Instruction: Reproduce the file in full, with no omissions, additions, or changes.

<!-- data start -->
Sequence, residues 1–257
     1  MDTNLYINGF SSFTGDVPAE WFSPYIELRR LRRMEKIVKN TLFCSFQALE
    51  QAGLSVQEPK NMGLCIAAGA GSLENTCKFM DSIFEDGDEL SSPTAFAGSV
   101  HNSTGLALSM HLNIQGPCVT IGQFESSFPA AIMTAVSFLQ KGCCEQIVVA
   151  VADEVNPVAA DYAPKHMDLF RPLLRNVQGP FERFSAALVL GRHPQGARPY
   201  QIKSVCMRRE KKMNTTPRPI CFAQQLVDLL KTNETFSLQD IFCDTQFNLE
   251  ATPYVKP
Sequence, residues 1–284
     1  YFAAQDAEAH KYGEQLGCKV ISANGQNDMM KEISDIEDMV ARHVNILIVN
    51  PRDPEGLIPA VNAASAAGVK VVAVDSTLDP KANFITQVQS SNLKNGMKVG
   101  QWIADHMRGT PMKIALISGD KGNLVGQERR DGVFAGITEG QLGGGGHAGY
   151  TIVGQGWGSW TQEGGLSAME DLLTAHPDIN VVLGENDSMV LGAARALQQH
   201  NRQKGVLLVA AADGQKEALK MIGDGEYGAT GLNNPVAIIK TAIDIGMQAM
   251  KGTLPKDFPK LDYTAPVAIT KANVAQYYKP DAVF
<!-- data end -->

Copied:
Sequence, residues 1–257
     1  MDTNLYINGF SSFTGDVPAE WFSPYIELRR LRRMEKIVKN TLFCSFQALE
    51  QAGLSVQEPK NMGLCIAAGA GSLENTCKFM DSIFEDGDEL SSPTAFAGSV
   101  HNSTGLALSM HLNIQGPCVT IGQFESSFPA AIMTAVSFLQ KGCCEQIVVA
   151  VADEVNPVAA DYAPKHMDLF RPLLRNVQGP FERFSAALVL GRHPQGARPY
   201  QIKSVCMRRE KKMNTTPRPI CFAQQLVDLL KTNETFSLQD IFCDTQFNLE
   251  ATPYVKP
Sequence, residues 1–284
     1  YFAAQDAEAH KYGEQLGCKV ISANGQNDMM KEISDIEDMV ARHVNILIVN
    51  PRDPEGLIPA VNAASAAGVK VVAVDSTLDP KANFITQVQS SNLKNGMKVG
   101  QWIADHMRGT PMKIALISGD KGNLVGQERR DGVFAGITEG QLGGGGHAGY
   151  TIVGQGWGSW TQEGGLSAME DLLTAHPDIN VVLGENDSMV LGAARALQQH
   201  NRQKGVLLVA AADGQKEALK MIGDGEYGAT GLNNPVAIIK TAIDIGMQAM
   251  KGTLPKDFPK LDYTAPVAIT KANVAQYYKP DAVF